Many young survivors wonder if they can have a healthy pregnancy after treatment, and will it increase their chances of recurrence. New research presented at the 2020 San Antonio Breast Cancer Symposium looked at those questions.
Does the use of over-the-counter vitamins and supplements have an effect on recurrence rates and survival seen with breast cancer patients? A recent research study set out to find the answer.
Women of color are 40% more likely to die from breast cancer than their white counterparts. Despite that fact, they make up only 6% of clinical trials for breast cancer treatments.
At just 25 years old, Shante’s medical team assured her the lump she found was unlikely to be cancer. Eventually diagnosed with ER+ breast cancer, she’s been advocating for herself ever since.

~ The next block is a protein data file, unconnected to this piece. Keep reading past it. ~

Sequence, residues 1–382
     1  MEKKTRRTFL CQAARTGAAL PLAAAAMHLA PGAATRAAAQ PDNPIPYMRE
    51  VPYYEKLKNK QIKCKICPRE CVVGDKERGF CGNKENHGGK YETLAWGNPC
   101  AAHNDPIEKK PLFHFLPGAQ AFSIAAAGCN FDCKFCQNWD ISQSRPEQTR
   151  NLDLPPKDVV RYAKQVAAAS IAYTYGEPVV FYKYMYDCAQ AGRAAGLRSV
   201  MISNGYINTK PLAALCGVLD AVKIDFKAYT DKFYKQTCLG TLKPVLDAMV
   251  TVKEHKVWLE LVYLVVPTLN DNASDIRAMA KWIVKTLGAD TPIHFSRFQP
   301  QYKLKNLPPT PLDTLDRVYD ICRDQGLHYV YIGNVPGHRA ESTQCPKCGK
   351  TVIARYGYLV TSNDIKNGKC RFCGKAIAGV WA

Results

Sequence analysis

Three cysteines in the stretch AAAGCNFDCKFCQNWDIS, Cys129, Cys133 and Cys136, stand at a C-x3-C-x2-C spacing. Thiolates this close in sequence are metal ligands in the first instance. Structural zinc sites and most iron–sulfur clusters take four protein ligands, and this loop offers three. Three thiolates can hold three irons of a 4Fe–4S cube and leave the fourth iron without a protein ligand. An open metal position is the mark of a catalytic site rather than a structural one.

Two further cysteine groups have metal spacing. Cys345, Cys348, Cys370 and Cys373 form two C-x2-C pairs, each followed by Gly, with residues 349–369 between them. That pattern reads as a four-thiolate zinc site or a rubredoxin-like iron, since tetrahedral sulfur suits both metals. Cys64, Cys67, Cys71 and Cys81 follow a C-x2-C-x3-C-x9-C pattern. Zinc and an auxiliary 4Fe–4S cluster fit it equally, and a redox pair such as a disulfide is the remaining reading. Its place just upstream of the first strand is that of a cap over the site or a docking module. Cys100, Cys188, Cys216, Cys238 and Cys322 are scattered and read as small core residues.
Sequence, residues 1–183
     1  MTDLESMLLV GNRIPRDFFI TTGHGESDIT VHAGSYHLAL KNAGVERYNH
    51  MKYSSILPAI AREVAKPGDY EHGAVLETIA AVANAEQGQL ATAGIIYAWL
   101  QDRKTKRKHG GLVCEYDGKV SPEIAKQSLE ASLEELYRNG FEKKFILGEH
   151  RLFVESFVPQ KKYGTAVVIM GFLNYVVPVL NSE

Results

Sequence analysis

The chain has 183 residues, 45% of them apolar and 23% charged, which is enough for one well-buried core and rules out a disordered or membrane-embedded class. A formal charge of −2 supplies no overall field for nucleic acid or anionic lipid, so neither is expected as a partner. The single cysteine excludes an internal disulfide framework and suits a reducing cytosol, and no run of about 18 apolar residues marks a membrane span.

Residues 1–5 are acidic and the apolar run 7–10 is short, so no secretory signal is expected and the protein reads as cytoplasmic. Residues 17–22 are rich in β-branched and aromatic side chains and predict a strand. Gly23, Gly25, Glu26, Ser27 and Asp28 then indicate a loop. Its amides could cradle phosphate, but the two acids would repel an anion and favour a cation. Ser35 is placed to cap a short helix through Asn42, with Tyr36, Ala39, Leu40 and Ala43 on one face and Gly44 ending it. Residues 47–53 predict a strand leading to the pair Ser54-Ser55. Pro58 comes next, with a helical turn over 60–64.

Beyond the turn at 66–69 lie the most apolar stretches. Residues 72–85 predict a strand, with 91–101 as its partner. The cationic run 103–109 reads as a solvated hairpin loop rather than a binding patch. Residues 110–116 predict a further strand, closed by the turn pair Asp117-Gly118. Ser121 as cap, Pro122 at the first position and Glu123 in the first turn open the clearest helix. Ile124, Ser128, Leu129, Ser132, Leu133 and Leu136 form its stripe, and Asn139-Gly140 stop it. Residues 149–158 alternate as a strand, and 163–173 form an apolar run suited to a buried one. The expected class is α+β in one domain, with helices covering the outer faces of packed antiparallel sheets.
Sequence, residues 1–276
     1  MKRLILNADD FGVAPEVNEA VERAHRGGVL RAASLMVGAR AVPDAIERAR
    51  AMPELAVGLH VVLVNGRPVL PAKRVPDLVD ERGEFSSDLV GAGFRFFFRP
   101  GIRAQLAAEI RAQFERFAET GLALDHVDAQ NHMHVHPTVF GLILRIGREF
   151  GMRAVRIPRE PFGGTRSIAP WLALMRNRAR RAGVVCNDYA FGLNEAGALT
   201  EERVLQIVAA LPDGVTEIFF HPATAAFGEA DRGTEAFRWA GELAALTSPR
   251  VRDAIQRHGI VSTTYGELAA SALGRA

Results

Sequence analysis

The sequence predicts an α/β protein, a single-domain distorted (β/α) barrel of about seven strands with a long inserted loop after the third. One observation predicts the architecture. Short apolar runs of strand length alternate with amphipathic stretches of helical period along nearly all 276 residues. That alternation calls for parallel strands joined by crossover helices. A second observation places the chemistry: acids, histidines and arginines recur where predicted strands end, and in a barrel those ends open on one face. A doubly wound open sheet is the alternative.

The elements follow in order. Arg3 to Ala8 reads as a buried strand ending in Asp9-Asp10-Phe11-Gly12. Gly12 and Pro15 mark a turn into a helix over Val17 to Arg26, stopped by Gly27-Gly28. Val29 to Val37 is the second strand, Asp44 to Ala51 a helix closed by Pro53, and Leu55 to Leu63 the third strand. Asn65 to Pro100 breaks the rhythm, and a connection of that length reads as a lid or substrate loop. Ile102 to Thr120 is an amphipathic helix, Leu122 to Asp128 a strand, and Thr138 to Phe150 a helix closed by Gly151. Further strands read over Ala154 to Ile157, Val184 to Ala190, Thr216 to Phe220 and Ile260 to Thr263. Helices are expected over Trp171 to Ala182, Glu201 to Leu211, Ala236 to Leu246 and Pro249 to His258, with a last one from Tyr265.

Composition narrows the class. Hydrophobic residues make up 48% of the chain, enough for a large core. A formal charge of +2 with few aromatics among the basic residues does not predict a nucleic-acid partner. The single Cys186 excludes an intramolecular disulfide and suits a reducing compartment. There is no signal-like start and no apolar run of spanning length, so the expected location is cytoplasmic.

The decision to work during breast cancer treatment is personal and complicated. As the CEO of your life, you have the right to fearlessly, and strategically pursue your dreams upon conquering this battle.
The San Antonio Breast Cancer Symposium is the largest in the world. Learn about scholarships to attend, what to expect, and a 2018 recap.
It isn’t easy to advocate for yourself when dealing with cancer treatment, but it’s worth it. This is your body, and you deserve to have your reconstruction decision respected.
Most early-stage breast cancer patients with intermediate Oncotype DX scores do not benefit from chemotherapy; but for young women, a more nuanced examination is required.
YSC RISE Advocates weigh in on the research they’re excited about.
As a researcher whose main role is to engage patients and other stakeholders as we design and conduct a breast cancer clinical trial, RadComp, it is surprising to me that the involvement of patients and other stakeholders has not always been part of the picture.
Urging lawmakers to ensure coverage for all.
Advocating for healthcare equality and fertility options.
Using a grill as a starting point for advocacy.
A veteran journalist and survivor shares her thoughts on advocacy.